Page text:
I’m Capt. David Edens, a local angler/guide.  I have been guiding for 15 years and fishing the inshore waters around St. Simons for over 40 years. While I am a fly-fishing enthusiast, I thought it would be interesting to share with you some of my best tips and tricks for fishing in St. Simons GA with conventional tackle.

Saint Simons Island is a barrier island located off the coast of Georgia, and it’s surrounded by some of the best inshore fishing grounds in the Southeast. The island is home to a variety of fish species, including redfish, spotted sea trout, flounder, sheepshead, black drum, and more.

I may be biased, but If you’re new to inshore fishing, or if you’re looking to improve your skills, I recommend hiring a fishing charter guide. There are many experienced and knowledgeable guides who operate in the Saint Simons area, and they can help you find the fish and equip you with the right gear.

Even if you’re experienced, hiring a guide, here is a link to my contact page. can still be a great way to learn new techniques. And, of course, it’s always more fun to fish with friends!

Best times to fish:

The best times for fishing in Saint Simons are during the spring and fall. During these times of year, the water temperatures are mild and the fish are active. However, you can catch fish year-round in Saint Simons, as long as you know where to look.

Best places to fish:

There are many great places to fish in Saint Simons. Here are a few of my favorites:

  • Saint Simons Sound: This sound is home to a variety of fish species, including redfish, trout, flounder, and sheepshead.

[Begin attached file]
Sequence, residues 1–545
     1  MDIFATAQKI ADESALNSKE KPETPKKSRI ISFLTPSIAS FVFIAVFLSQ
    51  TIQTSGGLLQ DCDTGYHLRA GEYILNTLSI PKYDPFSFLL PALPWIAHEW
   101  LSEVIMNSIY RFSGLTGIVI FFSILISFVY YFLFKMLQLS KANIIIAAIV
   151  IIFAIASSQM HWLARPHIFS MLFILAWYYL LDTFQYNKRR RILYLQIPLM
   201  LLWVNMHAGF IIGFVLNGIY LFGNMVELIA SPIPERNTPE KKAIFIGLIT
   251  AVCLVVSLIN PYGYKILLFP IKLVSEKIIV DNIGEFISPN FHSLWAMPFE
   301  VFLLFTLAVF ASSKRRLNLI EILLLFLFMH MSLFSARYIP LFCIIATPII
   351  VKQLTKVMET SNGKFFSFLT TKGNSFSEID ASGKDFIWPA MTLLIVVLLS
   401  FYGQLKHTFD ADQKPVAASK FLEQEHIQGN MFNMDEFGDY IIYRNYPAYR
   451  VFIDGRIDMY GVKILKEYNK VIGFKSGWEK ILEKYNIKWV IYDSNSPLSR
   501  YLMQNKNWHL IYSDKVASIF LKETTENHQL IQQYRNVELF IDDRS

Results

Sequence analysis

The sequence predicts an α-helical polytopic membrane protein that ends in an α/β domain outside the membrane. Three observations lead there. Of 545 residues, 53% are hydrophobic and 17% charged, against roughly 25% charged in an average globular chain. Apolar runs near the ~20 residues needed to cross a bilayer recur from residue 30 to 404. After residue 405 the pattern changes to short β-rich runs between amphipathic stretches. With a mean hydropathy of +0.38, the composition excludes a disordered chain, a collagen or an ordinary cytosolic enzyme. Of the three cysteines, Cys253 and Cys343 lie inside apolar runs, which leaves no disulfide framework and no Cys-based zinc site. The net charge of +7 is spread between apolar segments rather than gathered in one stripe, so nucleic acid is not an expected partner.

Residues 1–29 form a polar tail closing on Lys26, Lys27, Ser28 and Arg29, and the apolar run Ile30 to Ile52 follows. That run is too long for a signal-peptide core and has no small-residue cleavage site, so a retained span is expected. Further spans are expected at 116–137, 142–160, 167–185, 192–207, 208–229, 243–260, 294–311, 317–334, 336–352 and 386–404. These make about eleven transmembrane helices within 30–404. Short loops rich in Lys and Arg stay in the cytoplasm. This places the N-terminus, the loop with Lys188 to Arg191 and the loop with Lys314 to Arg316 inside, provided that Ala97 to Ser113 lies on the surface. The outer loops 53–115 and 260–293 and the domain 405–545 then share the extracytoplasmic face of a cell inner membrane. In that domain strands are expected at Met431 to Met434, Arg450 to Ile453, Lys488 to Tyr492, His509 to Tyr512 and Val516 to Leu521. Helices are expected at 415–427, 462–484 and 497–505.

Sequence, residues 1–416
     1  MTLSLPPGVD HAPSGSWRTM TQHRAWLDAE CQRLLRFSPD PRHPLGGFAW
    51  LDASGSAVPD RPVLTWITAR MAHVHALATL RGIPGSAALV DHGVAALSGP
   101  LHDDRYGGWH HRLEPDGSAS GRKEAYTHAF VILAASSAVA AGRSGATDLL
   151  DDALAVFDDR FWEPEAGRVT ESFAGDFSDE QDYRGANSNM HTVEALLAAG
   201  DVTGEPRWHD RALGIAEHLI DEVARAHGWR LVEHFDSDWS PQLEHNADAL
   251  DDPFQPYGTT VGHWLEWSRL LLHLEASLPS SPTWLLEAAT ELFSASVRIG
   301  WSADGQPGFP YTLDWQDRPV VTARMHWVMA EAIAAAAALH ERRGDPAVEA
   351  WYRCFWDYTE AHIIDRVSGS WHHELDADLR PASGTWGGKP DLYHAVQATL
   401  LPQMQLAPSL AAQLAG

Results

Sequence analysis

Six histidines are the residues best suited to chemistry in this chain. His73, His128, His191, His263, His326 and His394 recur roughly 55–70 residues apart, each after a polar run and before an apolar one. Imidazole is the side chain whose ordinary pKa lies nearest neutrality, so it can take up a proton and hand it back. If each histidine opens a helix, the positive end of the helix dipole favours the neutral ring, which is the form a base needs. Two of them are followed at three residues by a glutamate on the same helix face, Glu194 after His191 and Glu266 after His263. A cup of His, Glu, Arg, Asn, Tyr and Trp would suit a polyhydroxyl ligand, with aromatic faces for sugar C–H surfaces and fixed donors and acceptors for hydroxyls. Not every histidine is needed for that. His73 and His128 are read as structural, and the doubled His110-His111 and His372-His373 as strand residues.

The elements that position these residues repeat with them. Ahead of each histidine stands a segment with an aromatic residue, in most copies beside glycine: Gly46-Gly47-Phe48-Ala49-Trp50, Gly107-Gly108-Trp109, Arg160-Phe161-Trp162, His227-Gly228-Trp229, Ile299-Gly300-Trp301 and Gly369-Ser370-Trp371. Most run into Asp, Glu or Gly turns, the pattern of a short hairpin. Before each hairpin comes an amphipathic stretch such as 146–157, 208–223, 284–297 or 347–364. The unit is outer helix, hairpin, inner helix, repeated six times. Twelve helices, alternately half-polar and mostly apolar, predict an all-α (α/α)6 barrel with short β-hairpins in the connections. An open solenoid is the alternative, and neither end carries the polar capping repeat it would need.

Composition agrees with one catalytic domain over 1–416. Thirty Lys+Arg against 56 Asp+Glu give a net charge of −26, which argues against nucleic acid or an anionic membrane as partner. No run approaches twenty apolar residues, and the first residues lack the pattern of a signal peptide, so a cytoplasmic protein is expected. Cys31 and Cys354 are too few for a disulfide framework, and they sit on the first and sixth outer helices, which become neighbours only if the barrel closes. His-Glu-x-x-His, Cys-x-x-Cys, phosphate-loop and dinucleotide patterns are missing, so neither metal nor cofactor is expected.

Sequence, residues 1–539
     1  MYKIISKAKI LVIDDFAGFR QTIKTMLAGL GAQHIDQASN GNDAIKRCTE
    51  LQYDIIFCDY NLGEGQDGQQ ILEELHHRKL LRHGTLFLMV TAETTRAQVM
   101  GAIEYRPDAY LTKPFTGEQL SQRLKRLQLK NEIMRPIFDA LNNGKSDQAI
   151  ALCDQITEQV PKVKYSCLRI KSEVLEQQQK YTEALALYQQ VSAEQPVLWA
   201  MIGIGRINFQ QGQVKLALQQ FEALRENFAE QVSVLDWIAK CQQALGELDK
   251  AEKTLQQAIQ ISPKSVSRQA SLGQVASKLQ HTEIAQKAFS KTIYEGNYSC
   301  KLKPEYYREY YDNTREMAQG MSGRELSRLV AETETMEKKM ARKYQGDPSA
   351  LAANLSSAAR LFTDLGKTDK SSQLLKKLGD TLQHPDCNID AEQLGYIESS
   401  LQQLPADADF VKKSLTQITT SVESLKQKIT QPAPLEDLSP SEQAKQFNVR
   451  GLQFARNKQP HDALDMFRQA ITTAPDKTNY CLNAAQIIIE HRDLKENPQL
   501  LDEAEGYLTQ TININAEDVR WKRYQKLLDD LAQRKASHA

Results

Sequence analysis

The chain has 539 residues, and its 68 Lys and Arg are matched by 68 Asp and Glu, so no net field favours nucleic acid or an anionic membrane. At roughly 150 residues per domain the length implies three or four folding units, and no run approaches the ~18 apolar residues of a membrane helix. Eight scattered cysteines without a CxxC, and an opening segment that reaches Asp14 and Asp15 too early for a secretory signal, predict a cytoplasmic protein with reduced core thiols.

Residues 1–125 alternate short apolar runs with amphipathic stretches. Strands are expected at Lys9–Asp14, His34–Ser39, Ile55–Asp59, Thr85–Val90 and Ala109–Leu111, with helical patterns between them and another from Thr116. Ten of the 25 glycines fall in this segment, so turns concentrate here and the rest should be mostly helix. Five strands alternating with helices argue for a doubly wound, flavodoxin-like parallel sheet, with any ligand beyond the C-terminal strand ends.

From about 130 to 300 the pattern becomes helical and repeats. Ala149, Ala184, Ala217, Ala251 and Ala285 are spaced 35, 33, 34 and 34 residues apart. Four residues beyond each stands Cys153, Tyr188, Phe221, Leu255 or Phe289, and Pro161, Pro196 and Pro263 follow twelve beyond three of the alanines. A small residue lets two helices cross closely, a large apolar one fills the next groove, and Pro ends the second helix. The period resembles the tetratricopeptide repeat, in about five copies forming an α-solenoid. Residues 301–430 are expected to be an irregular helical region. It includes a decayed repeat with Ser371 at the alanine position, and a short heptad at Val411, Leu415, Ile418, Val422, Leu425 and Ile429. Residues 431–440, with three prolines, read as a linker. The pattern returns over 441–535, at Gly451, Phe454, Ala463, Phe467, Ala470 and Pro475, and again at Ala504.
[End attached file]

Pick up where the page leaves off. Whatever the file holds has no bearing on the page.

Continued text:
• Satilla and Little Satilla rivers: These rivers empty into the ocean behind and South of Jekyll, which is a little South of St. Simons, and they are great places to catch redfish, trout, and black drum.
  • Marshes: The marshes surrounding Saint Simons Island and between St. Simons and Sea Island are home to a variety of fish species, including redfish, trout, flounder, and sheepshead.

Best gear:

The best gear for inshore fishing in Saint Simons depends on the species of fish you’re targeting. However, there are a few basic items that you’ll need:

  • Rod and reel: A 7-8 foot medium-light to medium-heavy action spinning or baitcasting rod is a good all-around choice for inshore fishing.
  • Line: Braided line is a good choice for inshore fishing, as it’s strong and resistant to abrasion.
  • Lures: A variety of artificial lures can be used for inshore fishing, including jigs, spoons, and soft plastics. If you’re fishing live bait, shrimp and mud minnows are good choices.

Fishing tips:

Here are a few fishing tips for inshore fishing in Saint Simons:

  • Tide: The tide plays a big role in inshore fishing. Fish are generally more active during incoming and outgoing tides.
  • Structure: Fish are often attracted to structure, such as oyster beds, grass flats, and docks.
  • Presentation: It’s important to present your lure or bait naturally. If you’re casting, make sure to let your lure sink to the bottom before you start reeling. If you’re fishing live bait, use a popping/slip cork rig to keep your bait from becoming hung up on oysters.


Inshore fishing in Saint Simons, GA is a great way to catch a variety of fish species and enjoy the beautiful scenery. By following the tips above, you can increase your chances of success and have a great time on the water.

Personalized tips:

Here are a few personalized tips for inshore fishing in Saint Simons, GA:

  • If you’re targeting redfish, try fishing with a topwater lure early in the morning or late in the evening.
  • If you’re targeting trout, try fishing with a jig or soft plastic around oyster beds and creek mouths.  Live shrimp is the most popular bait for speckled sea trout.
  • If you’re targeting flounder, try fishing with a live shrimp or mud minnows on the bottom near structure.  Lightweight jig heads with Gulp or curly tail plastics work well too.
  • If you’re targeting sheepshead, try fishing with a fiddler crab or shrimp around docks and pilings.
  • If you’re targeting black drum, try fishing with a live crab or shrimp on the bottom around creek mouths.


Red fish tail

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